Hamilton police have charged a 41-year-old man with second-degree murder after guitarist Gord Lewis of the punk rock band Teenage Head was found dead Sunday.
Brian Lewis, one of Gord's six siblings, told CBC Hamilton he learned Sunday that the musician was dead.
Police said Monday afternoon that Jonathan Lewis has been charged. Gord's family confirmed to CBC that Jonathan is his son.
Brian described Gord, 65, as "gentle, artistic, musically inspirational, loving and loyal."
Teenage Head was formed in the 1970s and is considered to be a pioneer in Canada's punk rock scene. In a statement Monday, the band said it was "heartbroken."
"Our hearts are with his family and all that knew and loved him," the band said on Instagram. "Gord was a force and an inspiration to many. You were taken from us far too soon."
Lou Molinaro, a music promoter in the city and owner of former venue This Ain't Hollywood, told CBC Hamilton on Monday he was saddened and shocked by the news, and called Gord a "legend" in Hamilton and Canada's music scene.
"Gord had a big heart, He was gentle and very caring," Molinaro said.
Emails sent to media seemingly from son
Det.-Sgt. Sarah Beck told reporters the police service learned about multiple emails sent to various news outlets about someone's death.
The emails sent on Sunday to CBC Hamilton and others by someone named Jonathan Lewis stated his father was dead.
Beck said based on the information in the emails, officers visited the apartment on Catharine Street South in the city's Corktown area. As of midday Monday, police were still at the scene, but said they aren't looking for any other suspects.
Beck said police believe they know the victim's identity, but must do an autopsy for a "positive confirmation" due to the "level of decomposition." The victim is thought to have died two or three days ago, police said.
They said it appeared the father and son had been living together.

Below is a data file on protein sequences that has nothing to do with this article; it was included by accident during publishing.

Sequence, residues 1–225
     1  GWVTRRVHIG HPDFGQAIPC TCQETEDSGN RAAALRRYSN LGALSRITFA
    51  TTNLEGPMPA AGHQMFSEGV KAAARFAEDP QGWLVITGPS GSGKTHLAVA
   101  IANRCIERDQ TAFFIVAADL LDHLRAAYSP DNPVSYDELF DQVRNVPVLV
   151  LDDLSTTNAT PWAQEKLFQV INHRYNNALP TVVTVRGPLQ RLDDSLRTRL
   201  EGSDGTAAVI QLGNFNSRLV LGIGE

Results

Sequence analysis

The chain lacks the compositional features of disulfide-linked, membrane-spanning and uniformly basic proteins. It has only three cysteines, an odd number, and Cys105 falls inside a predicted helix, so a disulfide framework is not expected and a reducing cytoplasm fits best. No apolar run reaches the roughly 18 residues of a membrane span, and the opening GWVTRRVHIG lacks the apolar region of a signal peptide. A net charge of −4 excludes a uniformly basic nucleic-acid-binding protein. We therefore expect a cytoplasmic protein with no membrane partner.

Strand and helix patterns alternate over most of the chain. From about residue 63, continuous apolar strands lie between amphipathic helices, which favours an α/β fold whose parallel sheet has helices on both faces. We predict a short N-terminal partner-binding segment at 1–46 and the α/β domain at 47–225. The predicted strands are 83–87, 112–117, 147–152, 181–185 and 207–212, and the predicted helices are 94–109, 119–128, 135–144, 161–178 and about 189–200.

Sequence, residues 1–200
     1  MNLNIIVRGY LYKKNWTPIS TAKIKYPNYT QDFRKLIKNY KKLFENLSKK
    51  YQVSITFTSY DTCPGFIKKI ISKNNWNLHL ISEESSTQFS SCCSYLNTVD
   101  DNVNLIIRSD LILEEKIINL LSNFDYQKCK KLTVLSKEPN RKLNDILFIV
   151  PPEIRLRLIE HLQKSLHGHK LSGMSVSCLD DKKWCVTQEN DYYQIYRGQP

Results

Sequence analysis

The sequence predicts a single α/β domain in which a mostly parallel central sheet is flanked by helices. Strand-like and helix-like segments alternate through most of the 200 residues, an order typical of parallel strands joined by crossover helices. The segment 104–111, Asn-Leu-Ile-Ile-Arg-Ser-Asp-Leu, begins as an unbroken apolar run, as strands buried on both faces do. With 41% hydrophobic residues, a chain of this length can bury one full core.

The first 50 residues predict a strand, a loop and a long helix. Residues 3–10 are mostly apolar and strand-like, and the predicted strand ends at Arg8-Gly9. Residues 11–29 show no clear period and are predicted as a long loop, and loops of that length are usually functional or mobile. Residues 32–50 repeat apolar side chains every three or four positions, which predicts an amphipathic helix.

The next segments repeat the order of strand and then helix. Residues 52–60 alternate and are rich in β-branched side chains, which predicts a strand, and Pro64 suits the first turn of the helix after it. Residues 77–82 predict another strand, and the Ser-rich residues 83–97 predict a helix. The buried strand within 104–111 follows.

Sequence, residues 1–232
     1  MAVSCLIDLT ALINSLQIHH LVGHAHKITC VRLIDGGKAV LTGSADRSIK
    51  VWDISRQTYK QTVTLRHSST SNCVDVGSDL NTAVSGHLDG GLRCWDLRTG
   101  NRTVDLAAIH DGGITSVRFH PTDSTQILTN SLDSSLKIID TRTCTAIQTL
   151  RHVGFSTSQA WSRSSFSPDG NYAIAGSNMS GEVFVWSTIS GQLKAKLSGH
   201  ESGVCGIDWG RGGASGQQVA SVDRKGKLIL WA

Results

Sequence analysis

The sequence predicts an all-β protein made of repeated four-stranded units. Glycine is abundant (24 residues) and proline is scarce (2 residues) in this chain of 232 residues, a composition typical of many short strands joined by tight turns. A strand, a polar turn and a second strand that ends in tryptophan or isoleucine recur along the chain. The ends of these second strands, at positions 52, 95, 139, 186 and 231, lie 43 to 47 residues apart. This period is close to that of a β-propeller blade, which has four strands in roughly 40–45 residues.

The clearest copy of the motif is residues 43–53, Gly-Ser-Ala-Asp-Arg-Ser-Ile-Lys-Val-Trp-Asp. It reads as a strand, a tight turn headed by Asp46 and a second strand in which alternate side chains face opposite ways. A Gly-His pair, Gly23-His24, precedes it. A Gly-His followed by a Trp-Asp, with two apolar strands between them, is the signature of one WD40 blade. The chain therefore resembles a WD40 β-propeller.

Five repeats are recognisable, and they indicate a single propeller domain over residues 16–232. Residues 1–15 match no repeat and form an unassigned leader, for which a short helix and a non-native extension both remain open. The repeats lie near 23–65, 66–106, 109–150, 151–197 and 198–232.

"Jonathan was arrested shortly after police arrived at the apartment building," Beck said, adding he lived at the apartment, but it belonged to his father.
Family of 'one of Canada's original punks' devastated
Brian said the family is "devastated and conflicted."
"It's the loss of a beloved brother and a very complicated situation," he said.
Brian said Gord loved Andy Griffith, The Honeymooners and The Flintstones.
Molinaro said he and Gord were good friends and often talked about baseball, hockey and Hamilton trivia.
The Westdale, a local cinema and performance venue in the neighbourhood where the band formed, said it's postponing an event with lead singer Dave (Rave) DesRoches that had been planned for Monday evening.
Brian said Gord had a lifelong dedication to music: "He always wanted to be in a band."
Molinaro said the band had an "international influence" on the punk rock scene.
Music publicist Eric Alper told CBC Hamilton on Monday that Gord was one of "the original punks in this country."
Alper pointed to Teenage Head playing at The Last Pogo, an infamous late-1970s punk rock concert in Toronto.
"They were one of, probably not just Hamilton's most important bands, but has to be up there in terms of the all-time greats for Ontario and Canada for sure," Alper said.
"We're so apt to talk about the punk scene with the Ramones in the U.S. or the Sex Pistols in the U.K., kind of forgetting we had a pretty vibrant one here."
Molinaro said Gord once helped put together and play a surprise concert for a friend dying of cancer.
"That was just an example of Gord as a person," he said.
"He really valued people … he knew his music made people happy. Gord's music was a soundtrack to many people's lives, including mine, so thankfully the legacy will continue."